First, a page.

Today our podcast explores creators that have been able to make their marks on under the radar work for hire comics. These are comic’s pro’s that have made their names doing great work on less well known but equally excellent licensed titles along with a couple names from Marvel & DC that you may not know yet, but are making a huge impact. We speak directly with Fred Van Lente, Max Fiumara, Stephen Byrne, Edgar Delgado & Mico Suayah. Click below for the audio and more on the interviews Continue reading NYCC Podcast Special Episode Five
You can now buy ONE OF ONE specially designed covers for Hellboy & The BPRD 1952 #1 to benefit the Hero’s Iniative. For the next ten weeks, Dark Horse will be auction off ten exclusive covers on e-bay to bid on from some of the comics best and brightest artists. Which artists you ask? Let’s see we have; Mike Mignola (naturally), Bill Sienkiwicz, John Cassady, Rafeal Albuquerque, Chris Samnee, Francis Manipul, Fabio Moon, Gabriel Ba, Garbiel Hardman, Riley Rossmo, Jenny Frisson, Chris Burnham, John McCrea, Ben Templesmith, Art Baltazar, James Harren, Skott Kollins, Scott Koblish, Jeff Lemire, Michael Avon Oeming, Jeff Parker, Paolo Rivera, Todd Nauck, Darick Robertson, Michael Walsh, Javier Pudilo, Sina Grace, Phil Hester, Tom Raney, Mike Norton, Max Fiumara, Tim Seely, Ty Templeton, Jim Valentino, Clayton Crain, Jim Zub & WAY WAY MORE
More details in the press release below Continue reading Many, Many, Many, Dope Ass Exclusive Hellboy & The BPRD 1952 #1 for The Hero Intiative
Overview: A stand alone issue that focuses on a pair of lost souls Abe stumbles upon in his wanderings. Choosing prose over dialogue, Scott Allie weaves a tragic and affecting tale of the collateral damage caused by the rampant destruction of the world in the wake of the “Hell on Earth” reality. Combined with gorgeously rendered art by Max Fiumara, this issue separates itself dramatically from the previous 11 issues with it’s almost poetic approach to storytelling.
Art: Max Fiumara burst onto the BPRD scene in 2012, with his debut on “The Transformation of J.H. O’Donnell”; since then he’s joined forces with brother Sebastian to rotate art duties on Abe’s solo series. Max has a surrealistic style that works very well with the monsters and mayhem that usually occur in a Mignolaverse book, but this issue he showcases a wonderful ability to depict regular people in a surreal setting. His characters still have rather wide-set eyes and large heads, but not so much that’s it’s a distraction. I was very impressed with Max this issue, because of how the story is structured. Every page has three page-wide panels that jump from past to present, character to character, with no specific segue narratively. This is not an easy thing to accomplish, but Fiumara pulls it off adeptly, and Dave Stewart aids this process by using distinct color palettes to differentiate time and place.
There are really three stories taking place this issue, and they are presented in a rotating montage fashion. The first, at present, has Abe wandering upon an farmhouse inhabited by a couple of people not keen on company–especially anyone looking like Abe–and the consequences of that encounter. The other two provide an explanation of who these two new characters are, and how they ended up in their current predicaments. The stories are anything but uplifting, and the team of Fiumara and Stewart do a magnificent job keeping with the melancholy feel of the narrative, allowing us as readers to immerse ourselves in this world. I don’t know how many creative teams would be able to pull of a task like this with such proficiency, it shows that the trust Mignola and Alllie put in them is well placed, and bodes well for future issues.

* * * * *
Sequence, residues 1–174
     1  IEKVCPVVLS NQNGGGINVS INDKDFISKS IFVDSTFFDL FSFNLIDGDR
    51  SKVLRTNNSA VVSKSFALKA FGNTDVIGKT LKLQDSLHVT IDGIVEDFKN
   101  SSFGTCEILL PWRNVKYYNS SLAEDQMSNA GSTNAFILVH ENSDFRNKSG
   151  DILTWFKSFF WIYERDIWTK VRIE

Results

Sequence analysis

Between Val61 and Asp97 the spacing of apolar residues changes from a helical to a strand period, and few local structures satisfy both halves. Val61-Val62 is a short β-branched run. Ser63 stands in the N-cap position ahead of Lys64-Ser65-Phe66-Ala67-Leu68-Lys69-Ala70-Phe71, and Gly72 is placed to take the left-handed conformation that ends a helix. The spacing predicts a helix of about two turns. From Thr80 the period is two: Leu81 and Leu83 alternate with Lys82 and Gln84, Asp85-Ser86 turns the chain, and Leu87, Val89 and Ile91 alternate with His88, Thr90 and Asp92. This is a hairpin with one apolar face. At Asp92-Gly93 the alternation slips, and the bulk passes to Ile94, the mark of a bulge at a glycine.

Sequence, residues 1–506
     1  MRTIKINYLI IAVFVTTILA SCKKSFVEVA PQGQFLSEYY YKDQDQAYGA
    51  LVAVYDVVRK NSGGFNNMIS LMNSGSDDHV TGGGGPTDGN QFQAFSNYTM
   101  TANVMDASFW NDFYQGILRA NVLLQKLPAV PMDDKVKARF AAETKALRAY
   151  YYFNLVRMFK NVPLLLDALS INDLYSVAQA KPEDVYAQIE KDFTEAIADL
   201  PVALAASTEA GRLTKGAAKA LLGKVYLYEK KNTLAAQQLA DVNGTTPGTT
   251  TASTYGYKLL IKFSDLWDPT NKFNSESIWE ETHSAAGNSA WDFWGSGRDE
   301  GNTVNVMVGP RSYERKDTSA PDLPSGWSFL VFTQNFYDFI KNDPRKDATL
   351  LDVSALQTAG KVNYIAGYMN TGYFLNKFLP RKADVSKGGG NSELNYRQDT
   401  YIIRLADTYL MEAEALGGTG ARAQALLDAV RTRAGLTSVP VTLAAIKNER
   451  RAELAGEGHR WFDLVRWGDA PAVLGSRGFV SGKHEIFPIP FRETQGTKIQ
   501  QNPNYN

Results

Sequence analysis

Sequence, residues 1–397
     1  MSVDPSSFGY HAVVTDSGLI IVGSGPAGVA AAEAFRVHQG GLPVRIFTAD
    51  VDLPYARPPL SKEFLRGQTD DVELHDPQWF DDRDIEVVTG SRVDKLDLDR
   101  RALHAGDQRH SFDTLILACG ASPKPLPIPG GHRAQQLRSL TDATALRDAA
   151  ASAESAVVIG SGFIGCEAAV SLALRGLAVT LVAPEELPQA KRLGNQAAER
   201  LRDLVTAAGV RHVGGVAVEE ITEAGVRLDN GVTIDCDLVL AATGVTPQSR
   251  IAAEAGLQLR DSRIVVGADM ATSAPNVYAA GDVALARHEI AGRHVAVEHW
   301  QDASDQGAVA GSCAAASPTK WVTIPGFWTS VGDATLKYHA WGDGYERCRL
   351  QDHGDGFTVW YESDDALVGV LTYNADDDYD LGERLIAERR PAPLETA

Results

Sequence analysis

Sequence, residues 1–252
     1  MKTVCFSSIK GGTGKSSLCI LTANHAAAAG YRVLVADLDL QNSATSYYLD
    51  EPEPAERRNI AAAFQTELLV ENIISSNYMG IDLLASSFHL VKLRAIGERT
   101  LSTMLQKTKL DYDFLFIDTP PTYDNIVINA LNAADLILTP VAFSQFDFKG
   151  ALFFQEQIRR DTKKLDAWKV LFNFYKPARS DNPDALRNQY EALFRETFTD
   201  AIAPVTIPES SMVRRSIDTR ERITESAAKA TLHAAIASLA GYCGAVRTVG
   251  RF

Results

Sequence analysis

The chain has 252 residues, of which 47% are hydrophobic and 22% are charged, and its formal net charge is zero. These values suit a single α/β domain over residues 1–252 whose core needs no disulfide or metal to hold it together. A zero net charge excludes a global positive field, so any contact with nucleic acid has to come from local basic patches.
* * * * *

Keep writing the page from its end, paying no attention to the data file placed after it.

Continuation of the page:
Story: I was caught off guard at first by the choice to exclusively use narration boxes to tell this story. It was a bold decision by Allie, but in the end I think it was a wise one. Despite not fully absorbing it all upon first read, I was deeply moved by the story, and spellbound by the language and it’s ability to create a discomforting ambiance. At times it felt a bit verbose and indulgent, but after reaching the last page I was overcome with an unease and sadness that made me reconsider my previous notion. After going through it a second time I was more comfortable with the style, and therefore, was able to let it really soak in and transport me to this place. This would not be the best approach to take with multiple issues, but for a special episode it worked very well.
Allie has definitely molded a very different kind of book for Abe than I was expecting, but I enjoy the surprise of that. In some ways I wish we could attain more insight into what exactly Abe’s mindset is at this point in the story, but maybe he doesn’t even know himself. To me it seems as though he is loosing more and more of the man he used to be, and slowly morphing into the beast he may have always feared he could become.
Conclusion: This has been an interesting year for Abe so far, I know after all he has been through, adaptation is inevitable; especially with all the physical changes he has experienced. I’m not sure where it is all leading to, but I’m intrigued, and I want to continue to see where it goes. While the story has me pondering, the art has been phenomenal, and this issue particularly shows just how remarkable Max Fiumara’s storytelling is. This series is not the home run BPRD has become, but it’s doing a great job of showing the other side of the coin during Hell on Earth.